Patriots

'Angry and defiant' Kraft may take NFL to court

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'Angry and defiant' Kraft may take NFL to court

An "angry and defiant" Robert Kraft is "really worked up" over the Deflategate punishment handed down by the National Football League, and won't rule out legal action to have some or all of the penalties -- $1 million fine, loss of a 2016 first-round draft choice, loss of a 2017 fourth-round draft choice -- overturned.

In talking to Peter King for The MMQB (mmqb.si.com) -- Kraft's first interview since the NFL's ruling -- the Patriots' owner said he's convinced that quarterback Tom Brady (facing a four-game suspension that he's fighting separately) had no part in a scheme to deflate footballs, a scheme he's just as convinced never happened, and hinted that his once-close relationship with commissioner Roger Goodell is shattered.

King described Kraft as sounding "alternately angry and defiant" during a 50-minute phone conversation Saturday, in which Kraft said the league has nothing but "ambiguous circumstantial evidence" against the Patriots. The highlights:

ON HIS FEELINGS ABOUT THE PENALTIES
“This whole thing has been very disturbing. I’m still thinking things out very carefully. But when you work for something your whole life . . .

“I just get really worked up. To receive the harshest penalty in league history is just not fair. The anger and frustration with this process, to me, it wasn’t fair. If we’re giving all the power to the NFL and the office of the commissioner, this is something that can happen to all 32 teams. We need to have fair and balanced investigating and reporting. But in this report, every inference went against us . . . inferences from ambiguous, circumstantial evidence all went against us. That’s the thing that really bothers me.

“If they want to penalize us because there’s an aroma around this? That’s what this feels like. If you don’t have the so-called smoking gun, it really is frustrating. And they don’t have it. This thing never should have risen to this level.”

ON WHETHER HE'LL VIOLATE NFL BYLAWS AND GO TO COURT TO GET THE PENALTY OVERTURNED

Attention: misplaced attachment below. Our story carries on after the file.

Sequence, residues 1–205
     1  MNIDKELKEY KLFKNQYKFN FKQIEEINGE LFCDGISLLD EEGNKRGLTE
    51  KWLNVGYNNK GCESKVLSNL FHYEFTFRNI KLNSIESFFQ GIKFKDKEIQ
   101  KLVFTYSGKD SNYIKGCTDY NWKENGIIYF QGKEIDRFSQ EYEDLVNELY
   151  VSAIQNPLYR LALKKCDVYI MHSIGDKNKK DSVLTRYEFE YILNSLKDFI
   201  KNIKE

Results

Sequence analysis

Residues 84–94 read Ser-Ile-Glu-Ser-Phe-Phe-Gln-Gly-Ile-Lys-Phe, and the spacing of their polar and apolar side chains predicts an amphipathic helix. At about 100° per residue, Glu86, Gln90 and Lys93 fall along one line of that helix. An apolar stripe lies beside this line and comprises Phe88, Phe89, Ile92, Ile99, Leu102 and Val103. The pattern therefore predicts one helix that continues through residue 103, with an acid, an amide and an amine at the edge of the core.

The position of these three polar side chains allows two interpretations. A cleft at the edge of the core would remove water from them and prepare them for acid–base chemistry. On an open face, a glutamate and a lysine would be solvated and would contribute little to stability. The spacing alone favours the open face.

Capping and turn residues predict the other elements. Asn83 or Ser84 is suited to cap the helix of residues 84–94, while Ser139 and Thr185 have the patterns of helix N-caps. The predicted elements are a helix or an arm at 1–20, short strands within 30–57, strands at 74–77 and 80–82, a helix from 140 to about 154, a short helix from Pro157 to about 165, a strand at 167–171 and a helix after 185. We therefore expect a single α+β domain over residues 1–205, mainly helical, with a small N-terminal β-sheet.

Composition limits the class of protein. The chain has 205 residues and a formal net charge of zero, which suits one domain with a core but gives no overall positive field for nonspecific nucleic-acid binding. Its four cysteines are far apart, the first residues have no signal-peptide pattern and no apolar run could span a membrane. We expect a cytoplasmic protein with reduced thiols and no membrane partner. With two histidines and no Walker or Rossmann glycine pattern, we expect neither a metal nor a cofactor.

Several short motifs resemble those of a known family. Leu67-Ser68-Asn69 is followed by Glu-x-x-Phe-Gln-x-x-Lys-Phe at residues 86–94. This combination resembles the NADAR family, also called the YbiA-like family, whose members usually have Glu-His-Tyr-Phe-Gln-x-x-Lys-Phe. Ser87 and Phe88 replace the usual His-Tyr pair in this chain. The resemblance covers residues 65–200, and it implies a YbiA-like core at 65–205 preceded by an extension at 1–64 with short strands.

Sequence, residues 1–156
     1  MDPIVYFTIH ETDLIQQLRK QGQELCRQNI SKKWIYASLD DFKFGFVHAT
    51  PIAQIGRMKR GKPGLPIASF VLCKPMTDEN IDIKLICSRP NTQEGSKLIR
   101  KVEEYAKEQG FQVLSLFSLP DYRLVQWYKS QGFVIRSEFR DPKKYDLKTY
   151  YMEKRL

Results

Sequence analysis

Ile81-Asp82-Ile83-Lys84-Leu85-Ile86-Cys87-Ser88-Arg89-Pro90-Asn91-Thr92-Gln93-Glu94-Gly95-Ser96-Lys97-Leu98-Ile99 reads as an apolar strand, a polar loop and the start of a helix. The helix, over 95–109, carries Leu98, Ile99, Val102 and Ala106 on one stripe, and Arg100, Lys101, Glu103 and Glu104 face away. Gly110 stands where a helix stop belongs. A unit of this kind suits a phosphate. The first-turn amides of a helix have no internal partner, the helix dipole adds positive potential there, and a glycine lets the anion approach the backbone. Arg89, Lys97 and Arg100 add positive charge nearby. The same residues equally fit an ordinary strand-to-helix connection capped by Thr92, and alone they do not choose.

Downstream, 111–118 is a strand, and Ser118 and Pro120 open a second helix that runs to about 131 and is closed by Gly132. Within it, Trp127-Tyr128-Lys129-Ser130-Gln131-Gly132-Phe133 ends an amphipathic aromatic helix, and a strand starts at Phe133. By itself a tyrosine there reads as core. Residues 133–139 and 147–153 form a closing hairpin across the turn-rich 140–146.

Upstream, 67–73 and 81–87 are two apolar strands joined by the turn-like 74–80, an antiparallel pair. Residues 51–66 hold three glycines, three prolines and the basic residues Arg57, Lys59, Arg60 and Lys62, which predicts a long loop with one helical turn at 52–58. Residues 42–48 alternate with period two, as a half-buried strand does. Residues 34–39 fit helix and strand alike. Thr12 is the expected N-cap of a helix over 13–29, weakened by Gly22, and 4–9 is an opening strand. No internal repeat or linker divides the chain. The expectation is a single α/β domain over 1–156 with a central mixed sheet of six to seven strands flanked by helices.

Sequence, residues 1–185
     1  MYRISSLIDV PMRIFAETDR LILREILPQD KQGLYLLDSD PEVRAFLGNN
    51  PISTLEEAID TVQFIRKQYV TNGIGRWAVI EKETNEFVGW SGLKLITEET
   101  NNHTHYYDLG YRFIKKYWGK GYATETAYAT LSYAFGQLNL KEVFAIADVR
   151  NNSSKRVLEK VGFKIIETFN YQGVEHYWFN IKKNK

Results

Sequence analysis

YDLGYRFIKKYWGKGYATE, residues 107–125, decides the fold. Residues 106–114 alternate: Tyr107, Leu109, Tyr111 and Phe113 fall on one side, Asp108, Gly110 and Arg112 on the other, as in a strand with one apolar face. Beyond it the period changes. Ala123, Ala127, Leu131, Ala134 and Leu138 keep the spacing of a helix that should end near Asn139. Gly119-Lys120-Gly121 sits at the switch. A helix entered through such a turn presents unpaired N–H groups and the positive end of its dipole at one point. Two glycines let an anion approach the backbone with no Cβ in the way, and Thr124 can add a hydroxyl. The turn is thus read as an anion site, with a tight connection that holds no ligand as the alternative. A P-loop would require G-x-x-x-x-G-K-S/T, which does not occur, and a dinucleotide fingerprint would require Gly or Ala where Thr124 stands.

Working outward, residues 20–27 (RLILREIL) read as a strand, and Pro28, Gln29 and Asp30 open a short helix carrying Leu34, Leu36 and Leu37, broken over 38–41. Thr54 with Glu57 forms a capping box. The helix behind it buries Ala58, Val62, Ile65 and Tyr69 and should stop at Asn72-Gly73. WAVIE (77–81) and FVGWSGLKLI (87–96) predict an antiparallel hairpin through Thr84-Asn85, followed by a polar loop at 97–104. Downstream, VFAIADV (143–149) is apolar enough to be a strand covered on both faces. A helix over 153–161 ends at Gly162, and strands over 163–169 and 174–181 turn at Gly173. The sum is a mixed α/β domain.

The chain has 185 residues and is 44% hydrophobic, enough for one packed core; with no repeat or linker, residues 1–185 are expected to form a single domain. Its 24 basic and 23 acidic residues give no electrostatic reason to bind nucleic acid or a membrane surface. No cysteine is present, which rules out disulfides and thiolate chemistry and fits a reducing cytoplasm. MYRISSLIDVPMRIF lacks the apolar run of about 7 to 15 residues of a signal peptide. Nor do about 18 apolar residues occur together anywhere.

“I’m not going to comment on that at this point in time. I’m going to leave it. I won’t say.”

ON WHETHER HE'LL REMAIN AS ACTIVE IN LEAGUE AFFAIRS AS HE HAS BEEN
“I’d rather not get into that for a week or two.”

ON WHETHER HE THOUGHT HIS CLOSE RELATIONSHIP WITH GOODELL CAUSED THE COMMISSIONER TO COME DOWN HARDER THAN HE MIGHT HAVE, TO PROVE TO THE OTHER 31 OWNERS HE CAN BE HARSH TO ONE OF HIS SUPPORTERS
“I’ve heard that a lot, but it’s hard for me to accept that.”

ON THE STATE OF HIS RELATIONSHIP WITH GOODELL
“You'll have to ask him.”

GIVING AN EXAMPLE OF WHAT HE FEELS IS THE ONE-SIDEDNESS OF THE WELLS REPORT
“[Referee Walt Anderson] has a pre-game recollection of what gauge he used, and it’s disregarded, and the [Wells] Report just assumes he uses the other gauge. Footballs have never been measured at halftime of any other game in NFL history. They have no idea how much footballs go down in cold weather or expand in warm weather. There is just no evidence that tampering with the footballs ever happened.”

ON IF BRADY SAID HE WAS INNOCENT
“Yes. Because we had the discussion -- if you did it, let’s just deal with it and take our hit and move on. I’ve known Tommy 16 years, almost half his life. He’s a man, and he’s always been honest with me, and I trust him. I believed what he told me. He has never lied to me, and I have found no hard or conclusive evidence to the contrary.”

ON WHETHER OR NOT HE OR COACH BILL BELICHICK WERE AWARE OF ANY BALL DOCTORING